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Fuzzy Matching:


In a nutshell...

Fuzzy matching is a mathematical process used to determine how similar one piece of data is to another.

As an example: If you had 'John Arun Smith' in one system and wanted to find similar names from another system, the fuzzy matching process may return a list like this:

J A Smith
John A Smith
JA Smith
Jon Smith
Jonathan A Smith
Jon A Smithe

For each entry examined, the fuzzy matching process can give a probability score as to the accuracy of the match. For example, 'John A Smith' might receive a 95% score of similarity whereas 'JA Smith' would only get a 72% score.


Tell me more...

NB: I take no credit for the actual algorithms I use in my code. I've included a summary of the algorithms and authors below if you're interested.

So, is it any good? It depends on what you are trying to match and what you are trying to match it for.

Fuzzy names:
When it comes to names it's easy see the relationship between the source and a potential match. In the example above, you could present these records to a User and ask them to select which they thought was the correct match. (You could of course automate this, and use the match with the highest degree of accuracy). This may be enough to allow you to match two records from two different systems - which is where fuzzy matching is often used.

Fuzzy numbers:
Numbers on the other hand are a lot more problematic. For example, if my source is 123, then is 234 a good match? After all, I have two of the three digits! What about 124? Once again, only one digit wrong (out?).

Anything else I should know?
Anywhere you have data that cannot be matched by conventional methods you can always look at the fuzzy matching option. However, one thing to keep in mind is the time needed to do the matching.

To give you an idea how quickly permutations can increase the number of records to process, consider this - At the begining of a game of chess, White has 20 possible moves and Black has 20 possible replies. In just these two moves, there are 400 different possible game variants and that number of game variants quickly grows as follows:

In 3 moves = 8,902
In 4 moves = 197,281
In 5 moves = 4,865,609
In 6 moves = 119,060,324

It's important to factor in the amount of time it takes to fuzzy process the data against the amount of time available to complete the work you are doing. It's impossible to give an accurate time required because of the many variables involved but think at least days and possibly weeks of continuous processing and you won't be disappointed!




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The Algorithms used in the Fuzzy Matching Process:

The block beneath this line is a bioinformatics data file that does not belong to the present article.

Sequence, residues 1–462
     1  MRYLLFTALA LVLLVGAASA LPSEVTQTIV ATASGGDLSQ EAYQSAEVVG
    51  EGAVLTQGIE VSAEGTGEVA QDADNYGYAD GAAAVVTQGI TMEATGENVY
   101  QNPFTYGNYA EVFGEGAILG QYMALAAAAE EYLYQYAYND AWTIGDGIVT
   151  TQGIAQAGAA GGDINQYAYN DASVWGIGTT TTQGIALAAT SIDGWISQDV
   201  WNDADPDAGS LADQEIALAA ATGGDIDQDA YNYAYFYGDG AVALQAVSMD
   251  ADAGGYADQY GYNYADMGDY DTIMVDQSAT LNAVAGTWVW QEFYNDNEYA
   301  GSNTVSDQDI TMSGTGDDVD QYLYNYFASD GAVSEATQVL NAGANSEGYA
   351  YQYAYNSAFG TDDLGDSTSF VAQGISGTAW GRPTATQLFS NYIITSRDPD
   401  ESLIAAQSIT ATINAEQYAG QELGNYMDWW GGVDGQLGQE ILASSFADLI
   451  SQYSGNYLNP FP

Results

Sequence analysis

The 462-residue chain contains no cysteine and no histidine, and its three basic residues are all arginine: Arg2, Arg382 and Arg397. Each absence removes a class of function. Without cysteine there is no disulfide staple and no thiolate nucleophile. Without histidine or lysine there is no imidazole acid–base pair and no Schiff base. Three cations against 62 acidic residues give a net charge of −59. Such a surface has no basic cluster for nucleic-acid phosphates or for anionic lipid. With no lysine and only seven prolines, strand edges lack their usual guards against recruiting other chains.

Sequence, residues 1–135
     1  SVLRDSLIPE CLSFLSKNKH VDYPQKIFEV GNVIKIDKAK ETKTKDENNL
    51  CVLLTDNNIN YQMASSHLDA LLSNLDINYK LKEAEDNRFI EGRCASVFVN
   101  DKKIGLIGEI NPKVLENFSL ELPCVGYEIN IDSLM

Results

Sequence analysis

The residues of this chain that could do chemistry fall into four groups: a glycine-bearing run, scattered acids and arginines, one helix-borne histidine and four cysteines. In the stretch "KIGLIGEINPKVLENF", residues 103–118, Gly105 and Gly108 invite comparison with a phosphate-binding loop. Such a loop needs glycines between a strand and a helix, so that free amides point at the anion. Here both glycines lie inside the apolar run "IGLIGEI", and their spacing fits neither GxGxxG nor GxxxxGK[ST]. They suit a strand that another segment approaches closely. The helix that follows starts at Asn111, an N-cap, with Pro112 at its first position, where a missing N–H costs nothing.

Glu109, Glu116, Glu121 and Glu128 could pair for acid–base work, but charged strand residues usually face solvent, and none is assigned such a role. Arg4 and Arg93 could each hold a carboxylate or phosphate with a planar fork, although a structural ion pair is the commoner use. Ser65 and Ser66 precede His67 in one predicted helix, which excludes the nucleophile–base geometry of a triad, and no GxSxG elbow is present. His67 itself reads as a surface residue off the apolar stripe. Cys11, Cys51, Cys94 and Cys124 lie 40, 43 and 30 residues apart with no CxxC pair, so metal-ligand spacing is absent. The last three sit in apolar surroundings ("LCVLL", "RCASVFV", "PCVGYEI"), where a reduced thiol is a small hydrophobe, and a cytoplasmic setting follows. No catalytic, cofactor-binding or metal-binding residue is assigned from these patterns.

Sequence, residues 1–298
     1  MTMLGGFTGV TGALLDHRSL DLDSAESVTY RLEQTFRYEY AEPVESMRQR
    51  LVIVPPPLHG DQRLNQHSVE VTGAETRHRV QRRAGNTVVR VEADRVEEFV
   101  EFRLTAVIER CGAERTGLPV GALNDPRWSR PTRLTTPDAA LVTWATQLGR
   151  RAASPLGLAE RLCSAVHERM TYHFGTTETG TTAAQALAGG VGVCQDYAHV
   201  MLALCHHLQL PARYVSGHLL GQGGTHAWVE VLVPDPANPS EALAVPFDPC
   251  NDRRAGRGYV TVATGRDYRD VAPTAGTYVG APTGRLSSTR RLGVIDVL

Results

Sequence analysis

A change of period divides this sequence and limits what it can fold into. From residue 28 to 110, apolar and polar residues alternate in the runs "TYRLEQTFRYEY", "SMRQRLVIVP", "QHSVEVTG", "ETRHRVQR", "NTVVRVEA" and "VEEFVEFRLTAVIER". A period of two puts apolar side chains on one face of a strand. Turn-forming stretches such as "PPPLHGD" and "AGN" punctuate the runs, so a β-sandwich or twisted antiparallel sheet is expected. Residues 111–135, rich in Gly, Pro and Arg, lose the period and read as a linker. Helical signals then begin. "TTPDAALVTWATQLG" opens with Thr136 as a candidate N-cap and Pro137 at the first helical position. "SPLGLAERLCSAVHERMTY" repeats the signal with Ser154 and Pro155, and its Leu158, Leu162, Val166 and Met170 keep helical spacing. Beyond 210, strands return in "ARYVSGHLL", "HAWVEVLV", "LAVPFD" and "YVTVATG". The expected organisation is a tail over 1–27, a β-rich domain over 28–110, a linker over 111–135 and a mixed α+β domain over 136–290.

The Dice Coefficient - Similarity metric:
The method used to feed the string to this algorithm is the linear q-gram (or n-gram) model:

Q or N would be the length of the gram.
Q-gram: monograms, bigrams, trigrams, etc.

Example bigram for “Nelson”: %N Ne el ls so on n#
The Dice Coefficient is used as the threshold algorithm:

D is Dice Coefficient
SB is Shared Bigrams
TBg1 is total number of bigrams in Qgram1
TBg2 is total number of bigrams in Qgram2

D = (2SB)/(TBg1+TBg2)

Double the number of shared bigrams and divide by total number of bigrams in each string. A good Dice Coefficient value would be a value greater than 0.2. If the Dice value is less than 0.2, the comparisons are rejected immediately and not analyzed by the other algorithms.

Levenshtein Edit Distance:
The Levenshtein Distance algorithm is named after the Russian scientist Vladimir Levenshtein, who devised the algorithm in 1965. Levenshtein Edit Distance is the number of insertions, deletions, or replacements of single characters that are required to convert one string to the other.

Character transposition is detected.
Transposition is given a cost of 1.

Transposition detection is taken from:
Berghel, Hal ; Roach, David : "An Extension of Ukkonen's Enhanced Dynamic Programming ASM Algorithm"

A Levenshtein Distance of 2, 3, or more characters is meaningless without evaluating the lengths of the two comparison strings as well.

Longest Common Subsequence:
The LCS is calculated by the length of the longest common, not necessarily contiguous, sub-sequence of characters divided by the average character lengths of both strings. A good value for LCS is a value greater than or equal to 0.8.

Double Metaphone:
The Double Metaphone algorithm, developed by Lawrence Phillips and published in the June 2000 issue of C/C++ Users Journal, is part of a class of algorithms known as "phonetic matching" or "phonetic encoding" algorithms.
He wrote it as a replacement for SOUNDEX.

These algorithms attempt to detect phonetic ("sounds-like") relationships between words. For example, a phonetic matching algorithm should detect a strong phonetic relationship between "Nelson" and "Nilsen", and no phonetic relationship between "Adam" and "Nelson."

Double Metaphone is designed primarily to encode American English names (though it also encodes most English words well) while taking into account the fact that such words can have more than one acceptable pronunciation. Double Metaphone can compute a primary and a secondary encoding for a given word or name to indicate both the most likely pronunciation as well as an optional alternative pronunciation (hence the "double" in the name).

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